February 1987

Factors Associated With a Poor Outcome in Tularemia

Author Affiliations

From the Sections of Infectious Diseases and Pulmonary Medicine, Department of Medicine, Veterans Administration Medical Center, and the Louisiana State University Medical Center, Shreveport.

Arch Intern Med. 1987;147(2):265-268. doi:10.1001/archinte.1987.00370020083041

• To identify the factors associated with a poor outcome, we reviewed the records of 28 patients with tularemia diagnosed between 1974 and 1984. Most of the patients were men between the ages of 35 and 45 years, who presented with ulceroglandular tularemia. Twelve patients had the anticipated rapid response to therapy, with resolution of their presenting symptoms within one week (group A). Surprisingly, the majority (16 [58%] of 28) had a more prolonged or fatal illness (group B). Group B patients more often had a serious underlying medical disorder, and waited longer before seeking medical attention. Only patients in group B presented with electrolyte or renal function abnormalities (31%), pneumonia and pleural effusions (25%), elevated serum creatine phosphokinase levels (25%), and Francisella tularensis bacteremia (12.5%). Sterile pyuria, however, was an unexpectedly frequent finding in both groups. Group B patients more often experienced a prolonged delay from the time of physician contact to therapy, and were not treated with an aminoglycoside; relapse (12.5%) and death (6.2%) occurred only in group B. Thus, earlier and more appropriate intervention by the physician may have prevented some of the increased morbidity in our patients. These findings suggest that rapid presumptive aminoglycoside therapy (gentamicin sulfate or streptomycin sulfate) should be considered soon after tularemia is suspected, especially for patients with serious underlying medical disorders.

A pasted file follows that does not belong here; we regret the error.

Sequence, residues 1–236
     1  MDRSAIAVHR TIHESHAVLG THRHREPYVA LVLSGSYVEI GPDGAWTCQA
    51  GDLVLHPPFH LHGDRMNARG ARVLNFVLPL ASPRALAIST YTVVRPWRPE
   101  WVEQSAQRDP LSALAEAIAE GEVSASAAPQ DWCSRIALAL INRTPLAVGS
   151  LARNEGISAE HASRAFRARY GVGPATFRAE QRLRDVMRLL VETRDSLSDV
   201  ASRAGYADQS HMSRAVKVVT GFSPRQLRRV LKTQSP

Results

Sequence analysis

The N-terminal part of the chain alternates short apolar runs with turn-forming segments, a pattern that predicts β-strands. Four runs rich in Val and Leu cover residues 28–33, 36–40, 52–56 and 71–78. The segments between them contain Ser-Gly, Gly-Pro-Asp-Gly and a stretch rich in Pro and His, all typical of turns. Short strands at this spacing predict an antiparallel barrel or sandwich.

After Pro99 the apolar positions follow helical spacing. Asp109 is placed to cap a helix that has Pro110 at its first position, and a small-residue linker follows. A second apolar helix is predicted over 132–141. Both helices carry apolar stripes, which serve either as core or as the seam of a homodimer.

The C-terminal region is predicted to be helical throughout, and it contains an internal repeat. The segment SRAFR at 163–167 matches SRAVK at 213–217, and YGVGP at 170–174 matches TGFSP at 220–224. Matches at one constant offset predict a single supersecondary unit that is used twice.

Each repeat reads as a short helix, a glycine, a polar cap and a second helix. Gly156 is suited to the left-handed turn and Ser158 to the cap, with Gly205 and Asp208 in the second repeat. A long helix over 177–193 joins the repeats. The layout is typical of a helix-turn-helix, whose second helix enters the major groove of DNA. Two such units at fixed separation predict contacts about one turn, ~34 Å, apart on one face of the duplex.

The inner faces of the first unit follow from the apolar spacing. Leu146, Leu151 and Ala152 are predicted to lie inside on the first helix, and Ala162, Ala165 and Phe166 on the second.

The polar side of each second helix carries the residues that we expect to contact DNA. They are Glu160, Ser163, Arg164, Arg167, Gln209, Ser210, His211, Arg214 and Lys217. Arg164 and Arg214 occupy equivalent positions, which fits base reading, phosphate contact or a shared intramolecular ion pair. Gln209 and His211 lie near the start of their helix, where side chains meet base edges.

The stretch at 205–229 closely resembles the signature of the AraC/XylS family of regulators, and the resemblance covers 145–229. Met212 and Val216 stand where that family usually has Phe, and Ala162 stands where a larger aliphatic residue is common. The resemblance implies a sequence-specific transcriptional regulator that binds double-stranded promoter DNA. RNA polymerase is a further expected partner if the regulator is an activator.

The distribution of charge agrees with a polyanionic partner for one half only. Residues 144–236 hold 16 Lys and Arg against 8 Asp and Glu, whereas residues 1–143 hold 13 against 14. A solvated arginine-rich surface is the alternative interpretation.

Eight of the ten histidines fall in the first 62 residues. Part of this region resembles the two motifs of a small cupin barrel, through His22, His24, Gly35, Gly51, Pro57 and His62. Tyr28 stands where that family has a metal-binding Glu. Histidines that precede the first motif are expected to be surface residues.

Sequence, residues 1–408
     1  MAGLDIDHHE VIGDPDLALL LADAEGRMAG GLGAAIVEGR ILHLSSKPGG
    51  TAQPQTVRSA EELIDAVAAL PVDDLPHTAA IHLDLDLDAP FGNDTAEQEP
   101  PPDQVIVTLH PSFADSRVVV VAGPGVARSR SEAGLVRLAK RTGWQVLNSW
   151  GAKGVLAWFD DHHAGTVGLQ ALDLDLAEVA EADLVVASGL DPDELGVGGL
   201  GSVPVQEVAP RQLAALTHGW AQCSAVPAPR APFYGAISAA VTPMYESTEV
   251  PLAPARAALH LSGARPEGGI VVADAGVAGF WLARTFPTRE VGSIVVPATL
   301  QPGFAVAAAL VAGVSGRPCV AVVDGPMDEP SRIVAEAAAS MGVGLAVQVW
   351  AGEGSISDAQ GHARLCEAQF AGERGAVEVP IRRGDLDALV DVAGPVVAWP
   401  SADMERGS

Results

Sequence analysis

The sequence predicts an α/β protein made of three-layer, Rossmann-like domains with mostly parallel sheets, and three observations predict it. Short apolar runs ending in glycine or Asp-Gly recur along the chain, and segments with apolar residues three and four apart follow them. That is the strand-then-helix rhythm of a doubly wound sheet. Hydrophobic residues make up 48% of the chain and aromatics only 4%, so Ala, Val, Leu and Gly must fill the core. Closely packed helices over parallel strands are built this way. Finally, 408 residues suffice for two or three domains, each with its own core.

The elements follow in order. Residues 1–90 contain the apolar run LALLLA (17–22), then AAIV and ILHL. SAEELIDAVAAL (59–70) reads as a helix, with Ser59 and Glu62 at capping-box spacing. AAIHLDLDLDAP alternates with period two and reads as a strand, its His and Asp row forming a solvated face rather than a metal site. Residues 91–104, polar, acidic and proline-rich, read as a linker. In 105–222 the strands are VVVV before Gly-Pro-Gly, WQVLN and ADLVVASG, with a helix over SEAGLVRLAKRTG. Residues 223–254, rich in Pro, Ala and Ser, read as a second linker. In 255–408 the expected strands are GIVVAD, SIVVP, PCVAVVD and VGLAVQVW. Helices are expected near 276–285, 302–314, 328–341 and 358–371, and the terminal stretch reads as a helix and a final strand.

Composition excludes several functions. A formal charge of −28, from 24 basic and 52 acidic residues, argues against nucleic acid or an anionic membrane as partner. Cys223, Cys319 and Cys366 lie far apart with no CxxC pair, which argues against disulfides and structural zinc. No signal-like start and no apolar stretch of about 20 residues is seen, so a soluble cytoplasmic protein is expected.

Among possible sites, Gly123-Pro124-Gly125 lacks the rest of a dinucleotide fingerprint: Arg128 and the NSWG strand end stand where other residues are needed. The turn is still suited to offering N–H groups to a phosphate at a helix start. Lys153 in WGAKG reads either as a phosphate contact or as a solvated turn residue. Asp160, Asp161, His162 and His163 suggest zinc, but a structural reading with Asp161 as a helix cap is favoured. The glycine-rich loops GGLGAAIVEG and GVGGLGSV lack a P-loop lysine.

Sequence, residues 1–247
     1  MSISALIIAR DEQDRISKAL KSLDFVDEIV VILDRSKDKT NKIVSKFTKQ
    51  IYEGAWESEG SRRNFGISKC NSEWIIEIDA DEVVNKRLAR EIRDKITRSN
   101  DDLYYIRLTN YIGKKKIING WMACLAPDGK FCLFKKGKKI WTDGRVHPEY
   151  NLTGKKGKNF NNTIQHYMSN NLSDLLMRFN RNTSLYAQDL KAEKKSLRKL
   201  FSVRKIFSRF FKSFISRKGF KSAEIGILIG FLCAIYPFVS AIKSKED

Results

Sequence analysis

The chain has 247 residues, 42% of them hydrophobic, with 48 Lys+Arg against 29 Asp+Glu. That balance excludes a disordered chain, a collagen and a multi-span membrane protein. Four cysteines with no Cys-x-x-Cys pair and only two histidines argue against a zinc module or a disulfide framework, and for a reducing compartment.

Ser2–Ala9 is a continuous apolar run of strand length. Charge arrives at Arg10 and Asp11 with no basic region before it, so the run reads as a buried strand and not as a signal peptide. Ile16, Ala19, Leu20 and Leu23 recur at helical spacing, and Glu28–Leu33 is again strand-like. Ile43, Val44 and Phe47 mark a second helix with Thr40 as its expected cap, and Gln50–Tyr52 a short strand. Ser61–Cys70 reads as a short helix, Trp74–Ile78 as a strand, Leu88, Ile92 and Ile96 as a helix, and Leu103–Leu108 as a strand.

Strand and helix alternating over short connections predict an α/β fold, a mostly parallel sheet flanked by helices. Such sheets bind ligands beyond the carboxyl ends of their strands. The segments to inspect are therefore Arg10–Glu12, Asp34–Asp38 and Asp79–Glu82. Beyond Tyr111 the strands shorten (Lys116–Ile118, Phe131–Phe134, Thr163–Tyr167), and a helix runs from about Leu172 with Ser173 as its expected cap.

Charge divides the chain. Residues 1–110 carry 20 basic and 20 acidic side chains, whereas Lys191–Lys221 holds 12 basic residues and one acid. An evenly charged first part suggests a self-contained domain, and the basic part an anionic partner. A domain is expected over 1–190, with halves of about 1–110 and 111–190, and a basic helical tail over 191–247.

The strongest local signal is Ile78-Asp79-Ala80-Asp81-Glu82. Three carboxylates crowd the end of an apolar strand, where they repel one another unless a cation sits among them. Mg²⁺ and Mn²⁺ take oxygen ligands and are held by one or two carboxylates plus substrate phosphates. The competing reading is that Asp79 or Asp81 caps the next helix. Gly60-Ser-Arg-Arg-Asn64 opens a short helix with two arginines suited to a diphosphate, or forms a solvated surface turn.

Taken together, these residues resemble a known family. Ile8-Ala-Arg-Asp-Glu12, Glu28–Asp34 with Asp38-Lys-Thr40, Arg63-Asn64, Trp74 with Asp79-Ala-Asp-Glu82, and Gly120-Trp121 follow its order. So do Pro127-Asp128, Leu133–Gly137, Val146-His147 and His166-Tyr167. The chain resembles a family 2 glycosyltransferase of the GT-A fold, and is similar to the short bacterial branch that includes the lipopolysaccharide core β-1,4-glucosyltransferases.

(Arch Intern Med 1987;147:265-268)